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The Honolulu Advertiser
Posted on: Saturday, November 22, 2003

State suspends hunt for Maui cat

By Timothy Hurley
Advertiser Maui County Bureau

OLINDA, Maui — The hunt for Maui's mystery cat has been put on hold until new credible sightings are reported, state wildlife officials said yesterday.

The move to disengage 19 foot-hold snare traps on Thursday follows three weeks without sightings in the 20 square miles where the big cat is believed to be roaming.

Peter T. Young, chairman of the state Board of Land and Natural Resources, said the decision was made in part because of the "large investment of manpower" required to check the traps.

The department spent $3,000 a week monitoring the traps, said spokeswoman Deborah Ward. Workers from the Maui Invasive Species Committee, state Department of Agriculture and National Park Service were helping out, she said.

When the traps were installed three weeks ago, state wildlife biologist Fern Duvall estimated the cat hunt had cost the state about $15,000.

Young offered three possible reasons for the lack of sightings:

• The animal has moved from its previous haunts to a place less populated.

• It has returned to an owner and is being confined.

• It is dead.

"We recognize that the size and complexity of the terrain is such that the cat could easily remain undetected," Young said.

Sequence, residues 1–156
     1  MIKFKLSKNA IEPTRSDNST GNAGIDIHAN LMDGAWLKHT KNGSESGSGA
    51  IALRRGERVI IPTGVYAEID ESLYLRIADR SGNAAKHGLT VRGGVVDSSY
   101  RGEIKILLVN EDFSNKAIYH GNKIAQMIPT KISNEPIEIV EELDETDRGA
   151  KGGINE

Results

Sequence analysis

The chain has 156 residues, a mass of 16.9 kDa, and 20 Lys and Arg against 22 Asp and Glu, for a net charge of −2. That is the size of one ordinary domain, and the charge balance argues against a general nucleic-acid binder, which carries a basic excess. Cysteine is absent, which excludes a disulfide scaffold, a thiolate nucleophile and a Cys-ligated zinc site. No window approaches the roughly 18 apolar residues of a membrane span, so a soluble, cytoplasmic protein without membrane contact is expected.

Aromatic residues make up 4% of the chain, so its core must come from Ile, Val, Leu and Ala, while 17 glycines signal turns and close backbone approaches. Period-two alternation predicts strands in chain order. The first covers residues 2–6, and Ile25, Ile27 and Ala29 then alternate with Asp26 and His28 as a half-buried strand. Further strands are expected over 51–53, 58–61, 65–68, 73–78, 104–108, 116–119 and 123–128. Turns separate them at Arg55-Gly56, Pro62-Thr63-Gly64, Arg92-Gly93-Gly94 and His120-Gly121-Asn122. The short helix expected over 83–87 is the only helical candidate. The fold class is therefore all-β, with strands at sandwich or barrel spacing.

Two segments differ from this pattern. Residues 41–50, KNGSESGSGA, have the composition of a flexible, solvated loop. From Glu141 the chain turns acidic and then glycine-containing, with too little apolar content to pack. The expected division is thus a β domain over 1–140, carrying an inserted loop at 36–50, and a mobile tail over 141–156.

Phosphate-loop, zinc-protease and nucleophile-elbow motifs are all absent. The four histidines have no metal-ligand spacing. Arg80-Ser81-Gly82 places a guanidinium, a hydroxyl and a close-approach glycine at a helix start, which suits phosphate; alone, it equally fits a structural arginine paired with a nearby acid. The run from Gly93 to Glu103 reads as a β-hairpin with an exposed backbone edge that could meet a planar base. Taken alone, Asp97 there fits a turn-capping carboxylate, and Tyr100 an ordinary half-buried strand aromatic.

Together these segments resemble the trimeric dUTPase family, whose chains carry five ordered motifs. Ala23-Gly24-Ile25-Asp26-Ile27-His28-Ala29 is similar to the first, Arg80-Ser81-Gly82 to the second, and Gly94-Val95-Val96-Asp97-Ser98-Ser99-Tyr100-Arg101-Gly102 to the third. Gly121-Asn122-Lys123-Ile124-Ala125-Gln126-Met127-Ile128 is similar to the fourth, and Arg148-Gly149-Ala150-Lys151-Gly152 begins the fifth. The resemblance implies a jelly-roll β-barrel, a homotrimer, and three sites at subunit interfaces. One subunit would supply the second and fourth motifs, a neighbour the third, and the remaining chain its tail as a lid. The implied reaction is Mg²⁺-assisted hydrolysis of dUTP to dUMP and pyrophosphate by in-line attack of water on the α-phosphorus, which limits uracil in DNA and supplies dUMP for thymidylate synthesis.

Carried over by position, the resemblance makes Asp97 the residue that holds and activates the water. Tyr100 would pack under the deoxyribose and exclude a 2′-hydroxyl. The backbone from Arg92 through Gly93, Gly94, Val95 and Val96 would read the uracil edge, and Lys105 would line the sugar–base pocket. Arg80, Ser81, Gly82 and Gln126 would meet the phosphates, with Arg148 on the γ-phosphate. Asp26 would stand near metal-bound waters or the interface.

He said the department is prepared to act if credible evidence emerges.

"That is why we are just disengaging the snares rather than removing them completely. The snare area is within private land, and there is no public access."

Stan Cunningham, the Arizona Fish and Game Department research biologist who helped set the snares and train state workers last month, could not be reached for comment. Previously, he said capture could take a couple of months.

Susan Wachter of Olinda, who saw the cat in January, said she was disappointed.

"I can't imagine it costing them that much," she said. "Instead of taking (the traps) all down, why couldn't they have left maybe four of them?"

Wachter acknowledged Olinda had been quiet and the cat situation had been "very frustrating" for the community.

"We were wondering if somebody shot it and took if off the island," she said.

The last official cat report was Oct. 28, when an Olinda resident said the animal was heard in the night.

As for the traps, the only thing caught was a mixed-breed dog that gave birth in the trap. Other traps have been set off, probably by nontarget animals that got away as intended, Ward said.

The state asks that Olinda residents promptly report sightings, sounds or confidential information relating to the cat's whereabouts. Timely, detailed and credible reports are valuable, officials said, because they provide clues about the cat's movements.